This is where St. Baldrick’s comes into play. Through the help of dedicated physicians, such as Dr. Paul Kent, students, families, friends, patients and survivors, we seek to close the funding gap. Through events across the country, with head shaving being the premier event, over $30 million was raised in 2013.
Staff and students at Rush University Medical Center gave up their hair for a good cause at the March 29 St. Baldrick’s Fundraiser, proceeds from which will go to pediatric cancer research. Learn more.
As Paul Kent, MD, sees it, patient Sam LiBassi has become something of a Rush ambassador.
“He spends his time in the hospital making friends with the other patients, visiting them, making them laugh, making them smile,” says Kent, a pediatric oncologist at Rush University Medical Center, in an interview with WCIU.
Twenty-three-year-old LiBassi, who’s being treated for cancer at Rush, says he didn’t have such a positive attitude at the outset.
“I was like, this is awful … I never want to come here again,” he tells WCIU. “And then afterwards I was like, you know what? That’s just a horrible attitude to have because I’m going to have to be here whether I like it or not, so I just decided to change my attitude to I don’t like this but I have to deal with it, so let’s make the best of it.”
Fellow patient Katie Sanderson says LiBassi helps lift her spirits when she’s down.
“When he walks in you just see him smile,” she says, “and it’s awesome.”
Watch the video from WCIU’s You & Me This Morning:
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By Paul Kent, MD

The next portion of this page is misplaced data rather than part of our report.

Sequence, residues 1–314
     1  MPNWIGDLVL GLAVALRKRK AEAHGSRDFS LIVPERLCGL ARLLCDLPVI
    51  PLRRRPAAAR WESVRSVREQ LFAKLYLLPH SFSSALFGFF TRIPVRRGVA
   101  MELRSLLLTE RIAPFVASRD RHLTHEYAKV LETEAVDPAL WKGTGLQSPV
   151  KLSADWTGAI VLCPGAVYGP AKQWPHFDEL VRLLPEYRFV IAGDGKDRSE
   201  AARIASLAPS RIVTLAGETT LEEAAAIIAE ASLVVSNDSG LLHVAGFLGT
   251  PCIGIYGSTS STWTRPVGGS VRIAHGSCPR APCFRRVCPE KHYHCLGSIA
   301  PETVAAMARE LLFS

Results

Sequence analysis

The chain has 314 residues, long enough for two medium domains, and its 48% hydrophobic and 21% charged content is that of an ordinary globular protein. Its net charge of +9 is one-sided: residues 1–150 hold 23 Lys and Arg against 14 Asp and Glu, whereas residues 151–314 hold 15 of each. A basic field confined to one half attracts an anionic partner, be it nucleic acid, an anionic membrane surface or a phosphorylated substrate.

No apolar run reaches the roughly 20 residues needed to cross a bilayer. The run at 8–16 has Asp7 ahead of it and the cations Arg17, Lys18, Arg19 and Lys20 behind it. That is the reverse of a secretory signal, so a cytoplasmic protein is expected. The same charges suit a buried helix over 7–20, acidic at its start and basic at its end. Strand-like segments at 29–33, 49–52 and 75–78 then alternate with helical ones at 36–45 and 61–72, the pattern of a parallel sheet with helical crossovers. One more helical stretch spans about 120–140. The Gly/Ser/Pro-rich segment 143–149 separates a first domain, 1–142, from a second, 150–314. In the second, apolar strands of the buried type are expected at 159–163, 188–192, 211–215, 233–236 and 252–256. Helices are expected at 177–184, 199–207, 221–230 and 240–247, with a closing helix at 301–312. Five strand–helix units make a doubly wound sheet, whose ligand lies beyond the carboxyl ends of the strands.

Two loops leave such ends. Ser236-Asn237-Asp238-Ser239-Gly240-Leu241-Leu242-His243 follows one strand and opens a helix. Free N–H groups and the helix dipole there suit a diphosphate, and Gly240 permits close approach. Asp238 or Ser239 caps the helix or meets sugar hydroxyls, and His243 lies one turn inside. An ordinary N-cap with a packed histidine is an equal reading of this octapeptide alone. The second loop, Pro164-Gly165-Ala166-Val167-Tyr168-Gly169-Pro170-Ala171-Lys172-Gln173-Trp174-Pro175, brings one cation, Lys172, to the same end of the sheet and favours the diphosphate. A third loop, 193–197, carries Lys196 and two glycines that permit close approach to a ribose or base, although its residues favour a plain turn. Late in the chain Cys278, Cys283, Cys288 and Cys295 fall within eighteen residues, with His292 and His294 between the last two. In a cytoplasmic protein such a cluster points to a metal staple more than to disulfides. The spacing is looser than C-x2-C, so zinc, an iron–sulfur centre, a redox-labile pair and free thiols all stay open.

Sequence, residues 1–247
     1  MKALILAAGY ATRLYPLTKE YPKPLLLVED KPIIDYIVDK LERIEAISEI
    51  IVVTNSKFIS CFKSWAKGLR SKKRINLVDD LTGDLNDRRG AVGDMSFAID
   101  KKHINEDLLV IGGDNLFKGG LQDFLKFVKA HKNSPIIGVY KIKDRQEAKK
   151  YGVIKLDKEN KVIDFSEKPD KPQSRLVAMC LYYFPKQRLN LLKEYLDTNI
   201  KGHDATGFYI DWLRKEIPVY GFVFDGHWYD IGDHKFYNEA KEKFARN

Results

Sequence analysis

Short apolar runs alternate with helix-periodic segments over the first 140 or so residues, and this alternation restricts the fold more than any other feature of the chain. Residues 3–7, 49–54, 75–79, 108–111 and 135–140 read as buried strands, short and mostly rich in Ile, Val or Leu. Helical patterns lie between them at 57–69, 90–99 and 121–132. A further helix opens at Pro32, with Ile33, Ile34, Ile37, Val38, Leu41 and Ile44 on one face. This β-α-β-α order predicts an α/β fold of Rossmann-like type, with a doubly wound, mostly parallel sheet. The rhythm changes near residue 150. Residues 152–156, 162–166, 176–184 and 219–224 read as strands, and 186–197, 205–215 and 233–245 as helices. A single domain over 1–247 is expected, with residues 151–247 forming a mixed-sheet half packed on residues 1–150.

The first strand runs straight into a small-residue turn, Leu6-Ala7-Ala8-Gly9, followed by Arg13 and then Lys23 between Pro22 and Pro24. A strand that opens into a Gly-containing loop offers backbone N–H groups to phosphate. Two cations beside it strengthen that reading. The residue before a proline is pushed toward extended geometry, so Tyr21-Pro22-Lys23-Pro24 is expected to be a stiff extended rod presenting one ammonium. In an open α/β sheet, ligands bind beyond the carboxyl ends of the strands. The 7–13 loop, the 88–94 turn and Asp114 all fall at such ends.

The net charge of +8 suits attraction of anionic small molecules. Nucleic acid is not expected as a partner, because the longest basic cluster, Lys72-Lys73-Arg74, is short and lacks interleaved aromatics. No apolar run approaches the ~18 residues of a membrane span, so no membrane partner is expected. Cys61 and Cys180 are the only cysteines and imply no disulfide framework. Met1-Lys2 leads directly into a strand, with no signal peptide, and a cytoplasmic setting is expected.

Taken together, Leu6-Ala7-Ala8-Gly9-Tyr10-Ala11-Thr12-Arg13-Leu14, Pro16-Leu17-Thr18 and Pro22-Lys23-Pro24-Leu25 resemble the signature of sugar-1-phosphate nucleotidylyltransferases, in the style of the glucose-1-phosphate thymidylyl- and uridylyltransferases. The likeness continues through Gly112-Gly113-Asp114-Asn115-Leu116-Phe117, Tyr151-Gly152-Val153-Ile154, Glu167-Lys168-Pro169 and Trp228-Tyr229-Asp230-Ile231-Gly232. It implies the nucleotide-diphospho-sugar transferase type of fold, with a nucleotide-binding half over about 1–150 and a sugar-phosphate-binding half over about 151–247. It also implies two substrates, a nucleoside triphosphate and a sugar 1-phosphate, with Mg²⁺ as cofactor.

The Leukemia & Lymphoma Society of Illinois graciously nominated me for the 2011 Man and Woman of the Year. I accepted with the understanding that we would be going for “Team of the Year.” The winner will be announced today at the grand finale.
I am a 47-year-old father of four (ages 7, 7, 6 and 3), happily married to Rush pediatrician Margaret Scotellaro. I have been a pediatric oncologist fo 13 years, and at Rush University Medical Center since 2004.
Our team is called “Tougher than Cancer,” from a T-shirt worn by little Josephina Singh (who also had a T-shirt that said “My Oncologist can Beat up Your Oncologist” – which was not quite as good a team name!). Continue reading
By Thomas Holland
St. Baldrick’s is a national organization that promotes the research of pediatric oncology by providing grants to various doctors and researchers across the nation. The money provided in the grants is raised by countless events with thousands of participants.
This year there have already been 902 events with 40,700 shavees. St. Baldrick’s is operated as a purely volunteer charity. It is hailed as a top organization that gets the highest percentage of money raised to the individuals that best utilize it, like Rush’s own Dr. Paul Kent, who was noted on the St. Baldrick’s website as the chosen caregiver for National Volunteer Week.
My own interest in St. Baldrick’s was spawned by Dr. Kent. While talking with him about volunteering, he took me around the floor and gave me a bracelet with the phone number of St. Baldrick’s.
The second annual Rush University St. Baldrick’s Event was on April 1. After an invigorating speech, we got down to the business of shaving people’s heads. Continue reading